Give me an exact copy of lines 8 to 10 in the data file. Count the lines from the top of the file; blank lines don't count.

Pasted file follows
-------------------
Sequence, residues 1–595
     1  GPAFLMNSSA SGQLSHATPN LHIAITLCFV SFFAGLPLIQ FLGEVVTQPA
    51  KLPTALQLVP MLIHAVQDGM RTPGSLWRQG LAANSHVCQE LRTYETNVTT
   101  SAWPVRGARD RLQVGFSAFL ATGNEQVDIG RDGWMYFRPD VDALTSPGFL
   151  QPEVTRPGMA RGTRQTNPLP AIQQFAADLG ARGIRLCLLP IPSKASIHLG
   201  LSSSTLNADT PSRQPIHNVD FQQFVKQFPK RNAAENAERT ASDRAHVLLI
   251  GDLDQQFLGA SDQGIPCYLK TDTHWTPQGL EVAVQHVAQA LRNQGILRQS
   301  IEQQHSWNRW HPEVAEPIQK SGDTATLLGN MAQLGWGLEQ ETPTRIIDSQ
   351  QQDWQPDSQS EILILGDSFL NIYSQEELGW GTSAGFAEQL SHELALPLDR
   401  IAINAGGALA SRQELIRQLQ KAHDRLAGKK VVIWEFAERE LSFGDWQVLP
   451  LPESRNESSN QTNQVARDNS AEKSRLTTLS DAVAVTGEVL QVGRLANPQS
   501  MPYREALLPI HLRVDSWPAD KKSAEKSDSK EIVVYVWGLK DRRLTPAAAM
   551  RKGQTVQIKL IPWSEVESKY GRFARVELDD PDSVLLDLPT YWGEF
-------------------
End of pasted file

   301  IEQQHSWNRW HPEVAEPIQK SGDTATLLGN MAQLGWGLEQ ETPTRIIDSQ
   351  QQDWQPDSQS EILILGDSFL NIYSQEELGW GTSAGFAEQL SHELALPLDR
   401  IAINAGGALA SRQELIRQLQ KAHDRLAGKK VVIWEFAERE LSFGDWQVLP